It’s always a tricky proposition, believing what the Russians say during the course of any crisis. Caginess, particularly with the West, is practically ingrained in Russian DNA and Putin, who is a creature of the KGB, is no different. So as the Russians remain tight-lipped about the downing of Metrojet Flight 9268 – which most of the West is publicly assuming was caused by an on-board bomb – we are forced to take cues from what the Russians are doing, rather than what they are saying.
And the Russians’ latest move – shutting down all Russian flights into and out of Egypt – indicates that the Russians clearly believe that terrorism was somehow involved in Metrojet Flight 9268’s demise. What it further indicates is belief in the going Western theory – that someone at the airport in Cairo must have helped the terrorists get the bomb through security and on board the plane.
Putin and the Russians have already set a well established precedent for how they deal with Islamic terrorism within their own borders – they respond with overwhelming force, refusing negotiation and showing little or no regard for the lives of civilians. Russia’s retaking of the Dubrovka theater and the Beslan school sent a very clear message to the Chechen Islamic extremists at home – Russia is perfectly willing to blithely kill its own citizens just to prevent Islamic terrorists from getting anything from their acts of terrorism.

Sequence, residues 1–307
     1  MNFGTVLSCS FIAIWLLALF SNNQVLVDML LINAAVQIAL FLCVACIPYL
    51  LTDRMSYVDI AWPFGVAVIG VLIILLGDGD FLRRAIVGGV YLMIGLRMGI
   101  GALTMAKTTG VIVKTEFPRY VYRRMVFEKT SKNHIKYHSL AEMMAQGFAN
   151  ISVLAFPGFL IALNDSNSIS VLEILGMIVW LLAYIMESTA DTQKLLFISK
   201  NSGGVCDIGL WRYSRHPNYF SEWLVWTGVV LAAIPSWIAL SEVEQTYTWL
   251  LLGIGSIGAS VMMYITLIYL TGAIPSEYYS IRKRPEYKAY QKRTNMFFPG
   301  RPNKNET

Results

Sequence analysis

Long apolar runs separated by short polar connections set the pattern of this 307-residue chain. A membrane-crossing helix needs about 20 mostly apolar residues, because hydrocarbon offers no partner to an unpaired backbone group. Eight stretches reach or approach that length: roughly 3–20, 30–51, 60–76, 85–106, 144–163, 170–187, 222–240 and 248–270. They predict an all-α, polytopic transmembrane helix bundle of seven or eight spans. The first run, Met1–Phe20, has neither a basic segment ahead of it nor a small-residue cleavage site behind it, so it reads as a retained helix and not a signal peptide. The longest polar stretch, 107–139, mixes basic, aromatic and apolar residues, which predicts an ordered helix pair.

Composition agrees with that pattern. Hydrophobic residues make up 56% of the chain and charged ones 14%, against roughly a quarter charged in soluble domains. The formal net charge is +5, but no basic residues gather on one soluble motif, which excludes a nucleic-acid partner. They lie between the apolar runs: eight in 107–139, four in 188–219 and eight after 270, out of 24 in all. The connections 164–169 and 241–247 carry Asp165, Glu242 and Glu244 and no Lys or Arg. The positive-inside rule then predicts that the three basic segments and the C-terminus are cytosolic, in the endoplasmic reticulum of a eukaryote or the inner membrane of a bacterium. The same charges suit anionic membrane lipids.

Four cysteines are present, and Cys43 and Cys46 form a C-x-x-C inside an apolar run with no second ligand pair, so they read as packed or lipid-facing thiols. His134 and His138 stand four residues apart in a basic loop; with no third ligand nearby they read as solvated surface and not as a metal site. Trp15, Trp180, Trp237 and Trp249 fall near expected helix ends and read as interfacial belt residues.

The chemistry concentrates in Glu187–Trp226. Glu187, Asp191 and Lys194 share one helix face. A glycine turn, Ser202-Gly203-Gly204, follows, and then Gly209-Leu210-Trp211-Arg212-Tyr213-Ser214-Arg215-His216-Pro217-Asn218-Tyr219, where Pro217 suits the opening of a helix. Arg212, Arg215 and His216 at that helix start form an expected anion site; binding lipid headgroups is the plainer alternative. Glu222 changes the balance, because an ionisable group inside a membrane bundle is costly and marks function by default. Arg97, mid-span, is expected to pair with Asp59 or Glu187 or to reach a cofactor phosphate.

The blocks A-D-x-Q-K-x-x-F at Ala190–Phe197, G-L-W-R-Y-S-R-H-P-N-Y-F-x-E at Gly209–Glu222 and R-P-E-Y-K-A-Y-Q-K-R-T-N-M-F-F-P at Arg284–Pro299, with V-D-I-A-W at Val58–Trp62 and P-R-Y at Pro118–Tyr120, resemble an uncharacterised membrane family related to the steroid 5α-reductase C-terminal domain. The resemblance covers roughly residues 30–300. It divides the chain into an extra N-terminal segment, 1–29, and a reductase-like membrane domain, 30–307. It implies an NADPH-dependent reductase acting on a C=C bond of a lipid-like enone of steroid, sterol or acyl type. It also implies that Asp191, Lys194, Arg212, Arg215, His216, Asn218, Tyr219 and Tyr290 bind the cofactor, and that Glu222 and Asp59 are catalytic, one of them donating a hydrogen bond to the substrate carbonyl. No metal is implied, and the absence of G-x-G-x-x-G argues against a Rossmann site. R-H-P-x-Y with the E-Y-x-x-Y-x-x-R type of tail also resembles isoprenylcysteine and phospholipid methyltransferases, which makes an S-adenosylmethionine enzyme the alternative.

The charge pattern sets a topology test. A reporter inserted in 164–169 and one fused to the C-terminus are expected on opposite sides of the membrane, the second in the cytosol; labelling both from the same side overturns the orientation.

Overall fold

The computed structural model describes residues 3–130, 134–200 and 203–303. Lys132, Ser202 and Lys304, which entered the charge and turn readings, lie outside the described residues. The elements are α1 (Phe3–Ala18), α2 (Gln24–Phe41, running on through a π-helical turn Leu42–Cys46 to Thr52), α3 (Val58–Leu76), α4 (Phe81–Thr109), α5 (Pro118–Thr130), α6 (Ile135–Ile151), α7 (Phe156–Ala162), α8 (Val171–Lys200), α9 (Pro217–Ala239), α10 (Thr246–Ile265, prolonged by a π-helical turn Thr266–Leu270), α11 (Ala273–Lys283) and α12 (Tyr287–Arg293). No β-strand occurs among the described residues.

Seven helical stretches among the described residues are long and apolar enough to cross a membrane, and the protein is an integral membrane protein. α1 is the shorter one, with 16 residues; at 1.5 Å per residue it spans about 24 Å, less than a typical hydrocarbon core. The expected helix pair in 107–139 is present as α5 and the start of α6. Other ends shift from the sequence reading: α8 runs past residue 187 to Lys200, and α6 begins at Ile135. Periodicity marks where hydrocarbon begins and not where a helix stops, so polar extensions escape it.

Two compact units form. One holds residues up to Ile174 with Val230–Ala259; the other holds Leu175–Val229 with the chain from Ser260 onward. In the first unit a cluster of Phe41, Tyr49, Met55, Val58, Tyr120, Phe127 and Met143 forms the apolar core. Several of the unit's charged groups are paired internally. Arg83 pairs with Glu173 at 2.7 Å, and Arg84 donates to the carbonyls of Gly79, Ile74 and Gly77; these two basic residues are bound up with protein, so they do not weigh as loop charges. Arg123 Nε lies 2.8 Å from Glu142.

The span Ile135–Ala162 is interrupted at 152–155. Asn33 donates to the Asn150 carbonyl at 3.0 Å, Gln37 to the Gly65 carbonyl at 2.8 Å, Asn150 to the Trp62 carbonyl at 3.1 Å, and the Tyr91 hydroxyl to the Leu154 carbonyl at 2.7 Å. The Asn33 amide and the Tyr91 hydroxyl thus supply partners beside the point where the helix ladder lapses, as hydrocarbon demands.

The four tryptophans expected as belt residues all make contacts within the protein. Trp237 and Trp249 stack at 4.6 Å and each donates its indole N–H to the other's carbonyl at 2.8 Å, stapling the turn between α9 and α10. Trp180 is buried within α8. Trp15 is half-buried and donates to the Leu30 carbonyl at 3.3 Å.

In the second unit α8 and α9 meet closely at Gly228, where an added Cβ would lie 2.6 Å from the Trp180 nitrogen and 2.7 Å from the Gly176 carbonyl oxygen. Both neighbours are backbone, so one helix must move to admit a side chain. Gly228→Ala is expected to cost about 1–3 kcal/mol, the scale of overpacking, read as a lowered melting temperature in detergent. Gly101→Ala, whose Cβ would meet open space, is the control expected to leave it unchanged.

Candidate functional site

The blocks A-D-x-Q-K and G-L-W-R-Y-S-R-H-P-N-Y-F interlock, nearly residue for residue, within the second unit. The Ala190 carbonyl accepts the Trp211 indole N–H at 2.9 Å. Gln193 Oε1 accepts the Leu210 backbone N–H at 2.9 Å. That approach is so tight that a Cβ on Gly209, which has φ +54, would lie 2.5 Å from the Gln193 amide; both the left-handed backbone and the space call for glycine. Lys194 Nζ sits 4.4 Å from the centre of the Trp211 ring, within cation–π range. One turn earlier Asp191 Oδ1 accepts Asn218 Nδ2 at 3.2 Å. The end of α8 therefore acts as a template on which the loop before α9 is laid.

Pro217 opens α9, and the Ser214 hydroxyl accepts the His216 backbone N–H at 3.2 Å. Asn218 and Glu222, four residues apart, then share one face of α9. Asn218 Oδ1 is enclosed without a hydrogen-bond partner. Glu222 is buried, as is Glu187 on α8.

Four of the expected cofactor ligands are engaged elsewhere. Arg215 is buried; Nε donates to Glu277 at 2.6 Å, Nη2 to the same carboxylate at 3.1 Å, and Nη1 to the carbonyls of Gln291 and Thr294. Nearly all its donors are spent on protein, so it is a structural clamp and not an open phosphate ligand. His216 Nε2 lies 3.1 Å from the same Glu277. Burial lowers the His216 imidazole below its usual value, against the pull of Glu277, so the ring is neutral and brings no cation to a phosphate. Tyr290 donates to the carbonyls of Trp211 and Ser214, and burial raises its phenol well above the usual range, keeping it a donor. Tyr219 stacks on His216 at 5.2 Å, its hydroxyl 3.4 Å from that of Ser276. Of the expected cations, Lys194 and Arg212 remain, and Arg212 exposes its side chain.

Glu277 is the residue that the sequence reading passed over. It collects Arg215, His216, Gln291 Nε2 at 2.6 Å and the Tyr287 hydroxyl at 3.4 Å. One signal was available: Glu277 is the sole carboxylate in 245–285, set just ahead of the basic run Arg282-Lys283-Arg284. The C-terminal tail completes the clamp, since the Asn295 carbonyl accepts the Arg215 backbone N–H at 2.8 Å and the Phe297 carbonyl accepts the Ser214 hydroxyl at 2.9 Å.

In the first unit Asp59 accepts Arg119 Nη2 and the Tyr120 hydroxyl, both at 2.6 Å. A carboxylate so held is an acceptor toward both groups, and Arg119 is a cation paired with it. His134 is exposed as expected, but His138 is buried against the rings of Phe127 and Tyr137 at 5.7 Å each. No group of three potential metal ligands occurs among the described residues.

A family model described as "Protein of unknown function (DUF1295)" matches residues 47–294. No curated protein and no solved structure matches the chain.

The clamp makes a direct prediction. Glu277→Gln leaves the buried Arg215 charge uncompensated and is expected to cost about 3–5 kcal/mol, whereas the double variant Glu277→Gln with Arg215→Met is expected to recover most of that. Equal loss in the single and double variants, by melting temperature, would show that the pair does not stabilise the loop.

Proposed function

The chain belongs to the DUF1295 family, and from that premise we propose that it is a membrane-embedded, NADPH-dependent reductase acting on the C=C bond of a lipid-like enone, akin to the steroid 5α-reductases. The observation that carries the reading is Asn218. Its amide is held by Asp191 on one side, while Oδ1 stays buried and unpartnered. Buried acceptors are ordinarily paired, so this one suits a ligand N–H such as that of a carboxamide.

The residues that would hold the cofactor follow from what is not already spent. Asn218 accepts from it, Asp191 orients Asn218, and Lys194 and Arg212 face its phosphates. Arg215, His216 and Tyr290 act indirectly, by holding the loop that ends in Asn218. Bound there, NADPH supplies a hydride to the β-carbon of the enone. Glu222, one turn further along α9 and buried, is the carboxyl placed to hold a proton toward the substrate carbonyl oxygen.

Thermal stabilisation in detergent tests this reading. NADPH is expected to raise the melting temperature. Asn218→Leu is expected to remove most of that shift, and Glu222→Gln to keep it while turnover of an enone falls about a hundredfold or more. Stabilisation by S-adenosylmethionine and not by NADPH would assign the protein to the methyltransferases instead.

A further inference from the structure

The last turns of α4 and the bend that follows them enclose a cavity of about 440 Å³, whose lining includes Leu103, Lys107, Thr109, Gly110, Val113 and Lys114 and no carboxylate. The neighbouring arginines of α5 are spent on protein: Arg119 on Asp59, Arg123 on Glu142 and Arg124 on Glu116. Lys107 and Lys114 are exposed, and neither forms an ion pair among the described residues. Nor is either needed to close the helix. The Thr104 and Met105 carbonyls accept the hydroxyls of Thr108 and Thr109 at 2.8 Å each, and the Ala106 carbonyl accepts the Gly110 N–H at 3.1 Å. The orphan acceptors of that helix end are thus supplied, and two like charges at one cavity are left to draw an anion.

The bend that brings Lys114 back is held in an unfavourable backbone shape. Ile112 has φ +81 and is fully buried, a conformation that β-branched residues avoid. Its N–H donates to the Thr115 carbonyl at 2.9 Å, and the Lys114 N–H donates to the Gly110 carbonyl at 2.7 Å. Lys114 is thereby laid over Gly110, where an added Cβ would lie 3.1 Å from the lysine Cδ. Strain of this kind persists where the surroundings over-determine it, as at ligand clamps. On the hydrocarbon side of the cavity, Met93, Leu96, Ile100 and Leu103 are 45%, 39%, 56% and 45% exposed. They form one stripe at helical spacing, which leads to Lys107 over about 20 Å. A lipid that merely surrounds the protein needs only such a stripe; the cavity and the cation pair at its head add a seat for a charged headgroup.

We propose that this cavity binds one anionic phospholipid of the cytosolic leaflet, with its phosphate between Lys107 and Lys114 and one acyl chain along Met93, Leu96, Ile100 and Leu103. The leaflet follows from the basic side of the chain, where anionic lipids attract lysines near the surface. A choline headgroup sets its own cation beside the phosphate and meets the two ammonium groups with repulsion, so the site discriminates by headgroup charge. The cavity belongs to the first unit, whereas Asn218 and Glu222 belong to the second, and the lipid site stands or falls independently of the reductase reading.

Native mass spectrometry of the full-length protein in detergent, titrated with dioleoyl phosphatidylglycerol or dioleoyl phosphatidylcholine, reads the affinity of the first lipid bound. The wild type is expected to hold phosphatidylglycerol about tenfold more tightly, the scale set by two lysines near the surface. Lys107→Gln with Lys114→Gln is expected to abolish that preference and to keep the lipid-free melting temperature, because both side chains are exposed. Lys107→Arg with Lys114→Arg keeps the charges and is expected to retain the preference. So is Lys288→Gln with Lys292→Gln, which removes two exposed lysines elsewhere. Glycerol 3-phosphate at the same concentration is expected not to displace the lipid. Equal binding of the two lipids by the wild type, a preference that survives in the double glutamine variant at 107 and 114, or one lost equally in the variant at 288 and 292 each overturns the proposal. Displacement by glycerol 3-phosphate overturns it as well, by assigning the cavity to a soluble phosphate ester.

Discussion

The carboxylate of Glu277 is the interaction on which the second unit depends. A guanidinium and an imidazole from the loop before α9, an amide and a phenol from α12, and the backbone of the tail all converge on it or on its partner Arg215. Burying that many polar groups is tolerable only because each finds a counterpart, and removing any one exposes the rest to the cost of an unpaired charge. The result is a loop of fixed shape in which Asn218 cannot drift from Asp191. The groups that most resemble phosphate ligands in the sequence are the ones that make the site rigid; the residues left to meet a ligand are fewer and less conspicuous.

However, the downing of Metrojet Flight 9268 presents a new and unique challenge for Putin. His instinctual response in these situations is to respond with overwhelming force, but he doesn’t currently have a target to respond to. An attack on a Russian asset abroad is causing Putin to develop a new response paradigm, and the world is watching to see what he does.
One thing is for sure, Putin himself saw how the United States responded to the bombing of the U.S.S. Cole with half-assed measures that were designed primarily to give President Clinton (who cared about Foreign policy only to the extent that it was able to distract from his sexual harassment of an unpaid 24 year old White House intern) the ability to claim that he was doing something. Putin, of all people, is likely to draw the same basic conclusion drawn by the Bush administration; that perceived weakness in response to the attack on the U.S.S. Cole contributed directly to the boldness of Al Qaeda in planning and executing the 9/11 attacks.
Putin knows that he cannot afford to provoke widespread Islamic terrorism within his borders, given that betwen 15-20% of his country’s population is Sunni Muslim. His response to this attack might well end up shaping the ongoing conflict in the Middle East more than anything Obama has done during his whole tenure. Up to this point, Russia has primarily confined their activity in Syria to air strikes; the temptation for Putin to respond to the downing of Metrojet 9268 by putting Russian boots on the ground must be overwhelming for Putin, given his understanding of the best way to respond to terrorists.
But Putin must also have watched closely America’s painful experience in Iraq, including its price tag, and he must know that getting involved in a decade-long ground war in the region is probably beyond Russia’s capability at this point.
The whole world is watching now with bated breath to see what Putin will do next. His actions may well set off a domino reaction that our feckless President will be powerless to halt.